Ranjita Sehgal
Mar 08, 2024

It's time women were allowed to embrace balancing work, leadership and self-care

This International Women's Day, the vice president of The Times of India Group emphasises the crucial need for women to prioritise self-care amidst their leadership journeys

It's time women were allowed to embrace balancing work, leadership and self-care
Kathrine Switzer, wearing bib number 261 on a snowy morning on April 19, 1967, took position at the starting line of the Boston Marathon. She was just a simple 20-year old athlete and marathon enthusiast. Four miles later, the race director attacked her and threatened to rip off the bib, “Get the hell out of my race and give me those numbers!” Semple shouted. 
Today, around 41% of the runners at Boston Marathon are female.
The beautiful thing about this incident is that Kathrine Switzer didn’t think about changing the world. She just wanted to run. In the process, she broke an unfair prejudice and practice. 
We, as women, shouldn’t think too much about making a statement or changing the way certain prejudices stack up against us. We should do what we are capable of, and what any other human being is being allowed to do. In the process if we change the world, well let that be a bonus.
Women leaders are making headlines in every industry and that number is only rising. It is still, a long journey as only last year for the first time in its 68-year-old history, 10% of Fortune 500 companies were led by women.
As more and more women are taking leadership roles, the whole ecosystem is playing a significant role in furthering this cause. Parents, spouse, in-laws, managers, organisations etc. all play a crucial role to build a support system around their leading ladies.
However, as women continue to break barriers and shatter glass ceilings, it is important to address the issue of self-care, which is often overlooked in the pursuit of professional success. We might be the Durga with ten hands but somewhere, we must be aware that we need to be serious when it comes to personal and self-care.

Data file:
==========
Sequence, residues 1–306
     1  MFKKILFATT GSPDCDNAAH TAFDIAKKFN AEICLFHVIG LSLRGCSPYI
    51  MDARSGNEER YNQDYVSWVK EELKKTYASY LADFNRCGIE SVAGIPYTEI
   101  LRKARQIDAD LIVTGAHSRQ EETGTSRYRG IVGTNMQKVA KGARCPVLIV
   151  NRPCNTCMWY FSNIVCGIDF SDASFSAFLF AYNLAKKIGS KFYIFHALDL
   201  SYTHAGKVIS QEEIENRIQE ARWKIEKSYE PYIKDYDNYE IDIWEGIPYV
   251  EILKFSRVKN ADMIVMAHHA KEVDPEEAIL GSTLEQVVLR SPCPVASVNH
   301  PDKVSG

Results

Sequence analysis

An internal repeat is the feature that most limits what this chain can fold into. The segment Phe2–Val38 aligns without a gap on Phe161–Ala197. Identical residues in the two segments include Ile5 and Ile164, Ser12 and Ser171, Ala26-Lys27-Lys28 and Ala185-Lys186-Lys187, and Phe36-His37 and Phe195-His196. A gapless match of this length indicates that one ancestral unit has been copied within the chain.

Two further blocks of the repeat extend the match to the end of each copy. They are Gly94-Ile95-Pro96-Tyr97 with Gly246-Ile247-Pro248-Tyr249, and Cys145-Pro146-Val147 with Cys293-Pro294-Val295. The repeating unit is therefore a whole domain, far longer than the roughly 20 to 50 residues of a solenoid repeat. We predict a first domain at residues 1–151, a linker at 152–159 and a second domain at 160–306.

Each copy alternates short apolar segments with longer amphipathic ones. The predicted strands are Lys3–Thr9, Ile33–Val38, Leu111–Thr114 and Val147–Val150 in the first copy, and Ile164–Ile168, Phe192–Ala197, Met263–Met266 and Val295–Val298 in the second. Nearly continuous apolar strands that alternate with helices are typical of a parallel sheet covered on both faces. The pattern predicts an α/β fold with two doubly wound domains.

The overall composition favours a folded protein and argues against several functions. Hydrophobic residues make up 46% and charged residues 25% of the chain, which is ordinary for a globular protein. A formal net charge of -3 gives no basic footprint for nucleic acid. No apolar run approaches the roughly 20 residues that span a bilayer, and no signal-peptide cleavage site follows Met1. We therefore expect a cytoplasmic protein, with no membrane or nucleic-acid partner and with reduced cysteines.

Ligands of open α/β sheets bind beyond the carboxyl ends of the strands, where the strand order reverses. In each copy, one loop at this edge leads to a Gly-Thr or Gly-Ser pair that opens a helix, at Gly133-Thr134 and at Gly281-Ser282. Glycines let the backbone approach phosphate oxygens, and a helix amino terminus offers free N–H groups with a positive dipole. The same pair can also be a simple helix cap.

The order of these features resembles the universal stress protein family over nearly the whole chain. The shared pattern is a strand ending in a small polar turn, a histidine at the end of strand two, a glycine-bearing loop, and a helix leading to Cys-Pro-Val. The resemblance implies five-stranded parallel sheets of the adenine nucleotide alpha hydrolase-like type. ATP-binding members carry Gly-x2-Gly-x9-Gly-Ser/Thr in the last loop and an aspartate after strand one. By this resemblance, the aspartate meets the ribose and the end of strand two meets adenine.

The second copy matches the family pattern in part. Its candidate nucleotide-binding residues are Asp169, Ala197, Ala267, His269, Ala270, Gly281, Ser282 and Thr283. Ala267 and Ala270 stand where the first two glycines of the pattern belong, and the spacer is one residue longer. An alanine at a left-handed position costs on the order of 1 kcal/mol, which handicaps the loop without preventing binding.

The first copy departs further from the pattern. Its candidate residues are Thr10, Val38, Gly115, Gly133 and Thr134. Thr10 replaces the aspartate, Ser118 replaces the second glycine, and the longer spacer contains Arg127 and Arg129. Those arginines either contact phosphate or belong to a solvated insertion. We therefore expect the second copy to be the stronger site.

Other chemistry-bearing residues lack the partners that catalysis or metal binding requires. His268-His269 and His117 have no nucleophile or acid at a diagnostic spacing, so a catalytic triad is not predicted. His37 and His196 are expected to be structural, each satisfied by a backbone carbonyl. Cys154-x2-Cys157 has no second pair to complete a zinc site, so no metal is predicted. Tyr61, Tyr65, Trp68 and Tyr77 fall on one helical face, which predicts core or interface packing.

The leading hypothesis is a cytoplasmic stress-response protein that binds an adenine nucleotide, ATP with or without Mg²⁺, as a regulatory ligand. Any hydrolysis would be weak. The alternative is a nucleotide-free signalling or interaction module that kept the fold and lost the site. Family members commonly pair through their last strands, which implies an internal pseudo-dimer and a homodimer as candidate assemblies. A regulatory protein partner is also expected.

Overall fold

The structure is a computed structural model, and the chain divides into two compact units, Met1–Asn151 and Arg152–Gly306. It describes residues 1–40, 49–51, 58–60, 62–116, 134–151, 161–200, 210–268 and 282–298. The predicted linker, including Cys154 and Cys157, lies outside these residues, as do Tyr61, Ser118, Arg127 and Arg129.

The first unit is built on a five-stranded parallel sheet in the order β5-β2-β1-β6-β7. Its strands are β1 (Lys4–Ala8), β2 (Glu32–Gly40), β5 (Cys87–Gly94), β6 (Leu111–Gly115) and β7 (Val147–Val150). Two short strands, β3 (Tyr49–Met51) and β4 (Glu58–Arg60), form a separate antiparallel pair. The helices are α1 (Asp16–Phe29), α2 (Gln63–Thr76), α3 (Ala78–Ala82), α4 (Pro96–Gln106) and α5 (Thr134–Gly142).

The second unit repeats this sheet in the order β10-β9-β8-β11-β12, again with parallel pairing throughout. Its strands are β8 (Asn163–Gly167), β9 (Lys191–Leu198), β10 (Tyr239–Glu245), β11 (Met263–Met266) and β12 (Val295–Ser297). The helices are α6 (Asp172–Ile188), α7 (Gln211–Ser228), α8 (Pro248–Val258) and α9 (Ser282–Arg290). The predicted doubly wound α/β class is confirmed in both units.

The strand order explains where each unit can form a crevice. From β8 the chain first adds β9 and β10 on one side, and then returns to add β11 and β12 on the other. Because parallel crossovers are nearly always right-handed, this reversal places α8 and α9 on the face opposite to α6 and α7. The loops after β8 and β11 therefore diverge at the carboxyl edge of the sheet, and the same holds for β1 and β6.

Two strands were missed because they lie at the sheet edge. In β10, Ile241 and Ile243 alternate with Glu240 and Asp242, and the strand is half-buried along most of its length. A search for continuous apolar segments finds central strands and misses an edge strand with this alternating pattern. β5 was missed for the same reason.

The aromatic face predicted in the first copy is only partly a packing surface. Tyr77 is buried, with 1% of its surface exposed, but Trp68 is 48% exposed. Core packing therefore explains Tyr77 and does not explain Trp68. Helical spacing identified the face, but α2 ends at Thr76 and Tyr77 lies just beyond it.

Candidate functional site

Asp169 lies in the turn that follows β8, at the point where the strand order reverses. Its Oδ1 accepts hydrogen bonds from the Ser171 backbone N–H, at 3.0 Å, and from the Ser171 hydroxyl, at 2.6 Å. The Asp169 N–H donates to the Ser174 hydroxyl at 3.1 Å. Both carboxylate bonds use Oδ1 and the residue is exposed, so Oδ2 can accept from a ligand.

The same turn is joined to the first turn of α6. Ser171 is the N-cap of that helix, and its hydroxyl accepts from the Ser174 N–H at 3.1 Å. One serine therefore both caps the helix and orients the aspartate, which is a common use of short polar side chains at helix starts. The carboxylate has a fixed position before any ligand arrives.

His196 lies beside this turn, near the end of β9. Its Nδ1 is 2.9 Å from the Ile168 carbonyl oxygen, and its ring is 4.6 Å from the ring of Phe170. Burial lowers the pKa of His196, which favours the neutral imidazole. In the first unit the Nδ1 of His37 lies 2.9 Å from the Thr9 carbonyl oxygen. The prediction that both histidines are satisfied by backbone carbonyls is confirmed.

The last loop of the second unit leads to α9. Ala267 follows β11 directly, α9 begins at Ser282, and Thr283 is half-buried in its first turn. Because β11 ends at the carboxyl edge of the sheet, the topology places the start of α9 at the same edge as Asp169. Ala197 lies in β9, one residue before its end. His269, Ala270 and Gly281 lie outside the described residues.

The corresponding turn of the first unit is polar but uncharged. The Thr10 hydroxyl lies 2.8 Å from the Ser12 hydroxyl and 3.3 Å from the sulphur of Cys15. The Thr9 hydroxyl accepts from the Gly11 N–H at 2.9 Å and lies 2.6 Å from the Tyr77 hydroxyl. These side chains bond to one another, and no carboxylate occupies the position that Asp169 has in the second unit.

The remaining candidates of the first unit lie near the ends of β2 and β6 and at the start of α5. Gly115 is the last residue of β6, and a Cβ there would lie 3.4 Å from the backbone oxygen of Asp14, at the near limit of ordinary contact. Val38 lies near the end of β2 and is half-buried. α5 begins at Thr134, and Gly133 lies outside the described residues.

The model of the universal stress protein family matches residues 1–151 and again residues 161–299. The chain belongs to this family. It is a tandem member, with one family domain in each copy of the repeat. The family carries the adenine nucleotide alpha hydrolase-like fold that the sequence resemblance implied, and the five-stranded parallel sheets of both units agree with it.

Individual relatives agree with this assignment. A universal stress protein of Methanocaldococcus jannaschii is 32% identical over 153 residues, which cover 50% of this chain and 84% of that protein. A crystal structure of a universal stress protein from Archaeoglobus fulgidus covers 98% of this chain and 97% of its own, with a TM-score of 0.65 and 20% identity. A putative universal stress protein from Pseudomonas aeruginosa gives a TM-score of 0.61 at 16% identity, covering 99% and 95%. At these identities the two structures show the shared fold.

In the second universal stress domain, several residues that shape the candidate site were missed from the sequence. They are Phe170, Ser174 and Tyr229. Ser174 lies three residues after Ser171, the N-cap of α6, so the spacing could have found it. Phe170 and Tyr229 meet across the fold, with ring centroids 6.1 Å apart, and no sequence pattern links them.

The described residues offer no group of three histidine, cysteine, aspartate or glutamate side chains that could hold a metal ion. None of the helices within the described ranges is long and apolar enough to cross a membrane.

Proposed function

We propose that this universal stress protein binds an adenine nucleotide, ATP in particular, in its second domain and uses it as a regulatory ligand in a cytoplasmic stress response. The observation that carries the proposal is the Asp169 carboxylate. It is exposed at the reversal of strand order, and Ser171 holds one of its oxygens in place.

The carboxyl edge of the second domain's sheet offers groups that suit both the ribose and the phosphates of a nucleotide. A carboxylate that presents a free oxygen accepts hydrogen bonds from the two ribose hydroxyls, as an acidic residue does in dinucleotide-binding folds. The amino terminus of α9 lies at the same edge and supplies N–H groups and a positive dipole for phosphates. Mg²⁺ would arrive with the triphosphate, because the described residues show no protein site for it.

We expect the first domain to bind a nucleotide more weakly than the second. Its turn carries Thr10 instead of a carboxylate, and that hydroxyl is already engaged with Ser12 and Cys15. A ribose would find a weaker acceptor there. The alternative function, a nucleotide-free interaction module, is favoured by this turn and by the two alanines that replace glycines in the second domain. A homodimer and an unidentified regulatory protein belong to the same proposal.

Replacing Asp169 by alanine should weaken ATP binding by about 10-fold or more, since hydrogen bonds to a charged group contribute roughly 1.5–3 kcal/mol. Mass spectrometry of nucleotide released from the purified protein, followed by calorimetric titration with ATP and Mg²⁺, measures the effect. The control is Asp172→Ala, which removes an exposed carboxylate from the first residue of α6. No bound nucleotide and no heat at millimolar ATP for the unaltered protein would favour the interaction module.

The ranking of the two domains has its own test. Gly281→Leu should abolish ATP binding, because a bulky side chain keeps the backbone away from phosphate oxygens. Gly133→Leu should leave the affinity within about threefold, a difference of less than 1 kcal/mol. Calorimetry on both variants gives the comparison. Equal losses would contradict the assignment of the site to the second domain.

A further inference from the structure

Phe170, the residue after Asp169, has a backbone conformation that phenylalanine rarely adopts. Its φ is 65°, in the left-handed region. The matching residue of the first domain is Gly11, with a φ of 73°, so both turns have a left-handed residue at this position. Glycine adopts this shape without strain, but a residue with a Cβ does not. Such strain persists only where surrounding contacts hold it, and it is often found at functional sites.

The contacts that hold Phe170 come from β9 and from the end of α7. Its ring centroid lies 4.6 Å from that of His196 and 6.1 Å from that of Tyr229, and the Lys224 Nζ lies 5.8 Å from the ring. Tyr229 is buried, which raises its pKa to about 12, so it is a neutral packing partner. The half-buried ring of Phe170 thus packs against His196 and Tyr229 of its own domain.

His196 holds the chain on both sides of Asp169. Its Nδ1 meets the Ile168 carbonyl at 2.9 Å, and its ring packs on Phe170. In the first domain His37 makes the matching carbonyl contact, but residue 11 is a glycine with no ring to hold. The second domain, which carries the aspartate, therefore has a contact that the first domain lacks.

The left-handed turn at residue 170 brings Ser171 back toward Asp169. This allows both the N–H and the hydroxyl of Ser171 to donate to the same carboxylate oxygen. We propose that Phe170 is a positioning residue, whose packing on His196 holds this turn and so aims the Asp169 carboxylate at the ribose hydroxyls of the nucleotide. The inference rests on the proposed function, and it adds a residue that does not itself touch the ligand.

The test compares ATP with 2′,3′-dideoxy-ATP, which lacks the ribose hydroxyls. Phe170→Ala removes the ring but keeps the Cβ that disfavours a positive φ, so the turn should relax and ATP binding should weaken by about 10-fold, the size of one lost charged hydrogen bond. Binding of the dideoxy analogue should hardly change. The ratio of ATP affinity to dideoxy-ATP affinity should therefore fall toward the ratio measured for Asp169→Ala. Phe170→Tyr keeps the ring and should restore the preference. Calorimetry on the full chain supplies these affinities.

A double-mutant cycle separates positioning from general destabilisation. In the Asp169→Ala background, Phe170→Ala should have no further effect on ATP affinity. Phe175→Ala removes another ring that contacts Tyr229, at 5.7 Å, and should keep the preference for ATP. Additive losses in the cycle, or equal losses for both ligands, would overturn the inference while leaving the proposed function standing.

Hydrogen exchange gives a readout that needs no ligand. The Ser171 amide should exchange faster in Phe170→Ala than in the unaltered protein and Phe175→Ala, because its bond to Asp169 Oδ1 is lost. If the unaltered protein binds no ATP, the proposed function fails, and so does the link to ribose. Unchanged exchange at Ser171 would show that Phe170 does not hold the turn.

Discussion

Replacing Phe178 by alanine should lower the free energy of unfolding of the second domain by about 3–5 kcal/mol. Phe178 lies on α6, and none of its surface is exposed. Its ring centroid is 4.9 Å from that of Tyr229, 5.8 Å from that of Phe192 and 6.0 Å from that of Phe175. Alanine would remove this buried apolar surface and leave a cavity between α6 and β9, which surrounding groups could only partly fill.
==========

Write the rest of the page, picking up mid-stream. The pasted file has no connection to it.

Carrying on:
Women in leadership positions often face unique challenges that can take a toll on their physical, mental, and emotional well-being. The pressure to perform at a high level, coupled with societal expectations and gender biases, can lead to burnout and stress. We must be aware that if we short-change ourselves when it comes to health and care we might be short changing a lot of people who are dependent on us.
Recently, a friend in a very senior position experienced a massive health breakdown due to stress and work pressure leading to hospitalisation and a visit to the ICU. One might see it as a sudden event, but in reality, it is just an explosion of a dormant volcano within and evident signs overlooked as she kept work above everything else.
It’s only after an experience like this introspection sets in: “Was it all worth it?”
I am not a health expert and can only speak for myself, but here's what has worked for me with my crazy schedule, extensive work travel, business pressure, kids, family and everyone’s growing demands. Yoga has been holistic for me, bringing balance of body and mind, and helping me with deep relaxation. Regularity is the key. I take time out for things I’m passionate about. If there is nothing you are passionate about then seek what makes you happy and do that. Give work the respect and dedication it deserves, but don’t forget to respect yourself and your body first. Don’t hold everything inside. Seek help or support if you need.
Self-care for women in leadership roles can take many forms, including regular exercise, healthy eating, meditation, and mindfulness practices. Whatever you do, be regular. Start small. Just a walk for 30 minutes to begin with. 
Love and prioritise yourself.

Ranjita Sehgal is vice president for The Times of India Group.
Campaign India

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